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Restrictions on the timing of half-Senate elections.

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No. 38, 14 May 2002

Restrictions on the Timing of Half-Senate Elections


When may half-Senate elections be held? This Research Note suggests that Prime Ministers do not have as much freedom in this matter as public discussion would tend to suggest.

The Constitution

Section 13 of the Commonwealth Constitution states that 'The election to fill vacant [Senate] places shall be made within one year before the places are to become vacant'.

The implication of this is that polling for half-Senate elections may be held on any Saturday between 1 July and 30 June in the year before the expiry of Senators' terms on 30 June.

The Popular View

This is certainly the view of many observers. During the lead-up to the 2001 election, there was a great deal of speculation during April and May 2001 that Prime Minister Howard might hold the election as early as possible in July:

'A snap federal election as early as July 7 could give Prime Minister John Howard a lifeline …'1

'… calling an election for July 7 or thereabouts is increasingly looming as a solution to the problems that surround Howard'.2

'John Howard is considering an election in early July …3

'[July 7 is] the earliest possible date for an election …'4

Alan Ramsey dismissed this speculation, stating that the Prime Minister would be 'in Washington

as George Bush's guest, not fighting an election campaign at home …'. Nonetheless, he clearly thought a July poll was an option. 5

Despite the confidence of these observers, there are strong constitutional grounds for supposing that their view was incorrect. ADFA political scientist, Malcolm Mackerras has been a seemingly lone exception to the general view.6

What is a Half-Senate Election?

It is relevant to this discussion to ask: what, exactly, is a half-Senate election? In 1907, during a High Court case relating to the filling of a Senate vacancy, Chief Justice Griffith found it necessary to define a Senate election. According to him, 'It is plain … that sec. 13 [of the Constitution] was framed … for the purpose of fixing the term of service of senators elected in ordinary and regular rotation. The term "election" in that section does not mean the day of nomination or the polling day alone, but comprises the whole proceedings from the issue of the writ to the valid return [of that writ]'.7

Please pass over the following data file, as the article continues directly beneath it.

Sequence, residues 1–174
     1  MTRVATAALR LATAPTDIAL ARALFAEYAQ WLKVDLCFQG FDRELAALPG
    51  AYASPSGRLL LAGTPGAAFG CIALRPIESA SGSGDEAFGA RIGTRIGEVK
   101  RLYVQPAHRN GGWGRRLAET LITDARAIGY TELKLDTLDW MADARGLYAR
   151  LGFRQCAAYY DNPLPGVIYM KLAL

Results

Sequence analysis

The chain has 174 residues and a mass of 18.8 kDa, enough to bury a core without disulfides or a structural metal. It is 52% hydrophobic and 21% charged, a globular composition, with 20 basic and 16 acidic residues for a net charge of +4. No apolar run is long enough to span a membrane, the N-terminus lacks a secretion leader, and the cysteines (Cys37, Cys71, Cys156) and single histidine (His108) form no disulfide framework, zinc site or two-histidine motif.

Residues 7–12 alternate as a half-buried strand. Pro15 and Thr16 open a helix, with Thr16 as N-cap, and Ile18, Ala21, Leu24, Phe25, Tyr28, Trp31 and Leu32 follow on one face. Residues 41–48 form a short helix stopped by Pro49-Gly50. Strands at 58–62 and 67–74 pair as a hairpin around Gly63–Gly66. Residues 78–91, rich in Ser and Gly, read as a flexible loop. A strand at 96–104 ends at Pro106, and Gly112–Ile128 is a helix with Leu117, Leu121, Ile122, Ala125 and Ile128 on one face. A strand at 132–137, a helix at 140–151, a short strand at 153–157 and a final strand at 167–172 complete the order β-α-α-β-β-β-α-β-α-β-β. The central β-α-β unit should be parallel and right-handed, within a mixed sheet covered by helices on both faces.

Griffith's view, if accepted, is central to the question of when half-Senate elections can, and cannot, be held.

The Earliest Date?

The commonsense view of the words, 'within one year' in s.13, would suggest that polling day must occur within those 12 months before the retirement of those Senators whose term is expiring.

If Griffith was correct, however, a Senate election actually begins when the various Governors issue the writs for the election of the State Senators (Territory Senators' elections are tied to the term of the House of Representatives, with the writs being issued by the Governor-General).

It would follow, then, that the Governors may not act prior to 1 July in the year during which the election must be held.

Even if half-Senate writs were to be issued on 1 July, the formal election process cannot be shortened. At least ten days have to elapse before the close of candidate nominations, and polling day cannot be earlier than 23 days after nominations close. It seems to follow, then, that no half-Senate election can be held during July at all, despite the journalistic views quoted above.

According to Malcolm Mackerras, former Chief Electoral Officer Keith Pearson once claimed to him that half-Senate writs could not be issued before 1 July, and suggested that this had been the view of electoral officials for many years.8 In a communication with the author, the Parliamentary and Litigation Section of the Australian Electoral Commission (AEC) has stated that, 'Given Griffith CJ's decision in Vardon v O'Loghlin, the AEC agrees that the only safe course is to proceed on the basis that the second paragraph of s.13 of the Constitution precludes the issue of writs for a half-Senate election more than a year before the date that the Senate places become vacant'.9